Customer Experience on the Digital Path to Purchase

Stephen DeAngelis

November 23, 2015

You read a lot nowadays about the importance of providing potential customers with a good experience as they travel the digital path to purchase. But what does that really mean? Abhijit Saha, UPS’s European Marketing Director, writes, “It’s simple: Today’s online shopper wants choices, flexibility and options. You could say they want what they want when they want it.”[1] Saha admits that describing what’s involved in a good customer experience is really NOT that simple. “The not-so-simple part,” he writes, “is meeting that demand. But businesses will sink or swim based on how they handle that challenge.” If Saha is correct in his assertion that providing a good customer experience could make or break a company (and a lot of analysts believe he is), then understanding how that can be achieved is critical for any business involved in omnichannel operations.

Boston Consulting Group analysts have attempted to do just that.[2] Like Saha, they observe that providing a good customer experience is not easy. “In today’s omnichannel world,” they write, “consumers have many more ways to learn about and purchase products and services — such as through websites and social media, in a store, and on a device while on the go — than they have had in the past. With so many channels, platforms, and devices to get right, companies frequently struggle to coordinate and prioritize the many different ways that customers interact with brands. Worse yet, they have difficulty defining the right metrics to measure success.” Mike Austin (@MikeTheTechie), a serial entrepreneur, believes that the first thing a company must do is start with the premise that a good customer experience begins with personalization. He explains, “Personalization that’s triggered by the behavior of the customer and not just their name has, in many respects, become the most important element in the optimization of the customer journey.”[3] The BCG analysts have identified four factors that contribute to a good customer experience: value for money, customer service, product satisfaction, and emotional connection. They agree with Austin that personalization (i.e., the emotional connection companies make with customers) is the most important of these factors if you want to transform good customer experiences into great customer experiences. They explain:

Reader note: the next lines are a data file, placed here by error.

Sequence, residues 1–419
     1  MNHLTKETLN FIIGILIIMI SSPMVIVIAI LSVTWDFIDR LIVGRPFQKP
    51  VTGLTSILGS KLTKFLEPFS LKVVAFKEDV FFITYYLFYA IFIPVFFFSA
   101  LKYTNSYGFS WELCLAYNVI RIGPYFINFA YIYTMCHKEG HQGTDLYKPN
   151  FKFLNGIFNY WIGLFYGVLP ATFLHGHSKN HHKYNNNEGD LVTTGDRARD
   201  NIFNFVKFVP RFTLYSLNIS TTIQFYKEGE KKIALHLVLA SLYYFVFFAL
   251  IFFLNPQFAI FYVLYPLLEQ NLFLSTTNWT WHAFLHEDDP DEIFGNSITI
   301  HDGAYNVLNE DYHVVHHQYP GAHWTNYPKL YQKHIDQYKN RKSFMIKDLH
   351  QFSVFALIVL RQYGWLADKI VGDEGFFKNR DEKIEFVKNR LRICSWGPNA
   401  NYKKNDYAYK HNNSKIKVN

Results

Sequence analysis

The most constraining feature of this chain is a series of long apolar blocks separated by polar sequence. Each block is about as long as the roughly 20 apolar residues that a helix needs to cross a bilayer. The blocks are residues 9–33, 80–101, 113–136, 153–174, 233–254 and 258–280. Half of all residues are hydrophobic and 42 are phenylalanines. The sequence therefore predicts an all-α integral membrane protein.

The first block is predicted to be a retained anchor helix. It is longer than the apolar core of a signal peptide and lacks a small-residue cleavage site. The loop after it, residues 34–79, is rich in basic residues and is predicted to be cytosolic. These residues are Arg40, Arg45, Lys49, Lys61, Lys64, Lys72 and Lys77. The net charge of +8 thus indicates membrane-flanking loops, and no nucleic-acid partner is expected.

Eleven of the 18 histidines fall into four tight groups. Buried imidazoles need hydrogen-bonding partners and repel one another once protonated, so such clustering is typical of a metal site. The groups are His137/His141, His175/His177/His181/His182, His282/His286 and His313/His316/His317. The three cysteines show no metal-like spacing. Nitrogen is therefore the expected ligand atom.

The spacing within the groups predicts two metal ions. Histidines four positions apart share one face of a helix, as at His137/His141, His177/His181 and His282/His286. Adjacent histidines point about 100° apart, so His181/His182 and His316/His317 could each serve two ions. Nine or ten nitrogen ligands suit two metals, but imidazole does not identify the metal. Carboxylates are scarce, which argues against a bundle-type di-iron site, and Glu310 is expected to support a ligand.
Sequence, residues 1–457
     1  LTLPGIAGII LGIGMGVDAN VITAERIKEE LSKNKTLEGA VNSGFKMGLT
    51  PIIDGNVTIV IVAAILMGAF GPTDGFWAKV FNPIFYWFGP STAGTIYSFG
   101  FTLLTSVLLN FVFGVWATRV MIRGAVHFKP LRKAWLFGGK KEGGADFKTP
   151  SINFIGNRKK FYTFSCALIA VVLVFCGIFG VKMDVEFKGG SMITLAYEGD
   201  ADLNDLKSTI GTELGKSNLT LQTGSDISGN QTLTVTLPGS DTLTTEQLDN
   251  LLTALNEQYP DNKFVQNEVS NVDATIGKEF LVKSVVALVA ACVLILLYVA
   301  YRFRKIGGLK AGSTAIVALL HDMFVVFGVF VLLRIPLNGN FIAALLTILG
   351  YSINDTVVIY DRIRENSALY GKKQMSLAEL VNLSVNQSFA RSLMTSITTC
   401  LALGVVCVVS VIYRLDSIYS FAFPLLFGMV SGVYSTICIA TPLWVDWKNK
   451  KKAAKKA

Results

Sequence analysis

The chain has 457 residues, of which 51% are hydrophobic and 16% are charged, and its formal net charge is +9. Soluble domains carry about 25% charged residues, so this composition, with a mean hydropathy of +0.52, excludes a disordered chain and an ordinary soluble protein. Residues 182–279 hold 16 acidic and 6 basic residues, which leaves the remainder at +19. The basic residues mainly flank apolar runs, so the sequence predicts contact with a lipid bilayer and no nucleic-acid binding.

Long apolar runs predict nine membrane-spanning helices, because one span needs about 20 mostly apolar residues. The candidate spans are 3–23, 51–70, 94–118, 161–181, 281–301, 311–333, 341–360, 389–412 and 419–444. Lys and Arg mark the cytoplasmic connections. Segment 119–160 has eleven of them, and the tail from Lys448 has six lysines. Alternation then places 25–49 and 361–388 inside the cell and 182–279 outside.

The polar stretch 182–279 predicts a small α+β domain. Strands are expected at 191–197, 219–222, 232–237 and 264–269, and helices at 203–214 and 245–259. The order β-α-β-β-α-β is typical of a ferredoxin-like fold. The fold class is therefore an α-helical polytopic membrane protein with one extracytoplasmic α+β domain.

“Value for money, customer service, and product satisfaction are certainly important. They remain the top factors in every industry, and without superior performance on these dimensions, a brand is unlikely to earn customers’ strong recommendations. But we find that once companies master these rational factors, an emotional connection often separates the good from the great. Emotional factors, which vary by industry, can include brand identification, social responsibility, innovation, and trustworthiness.”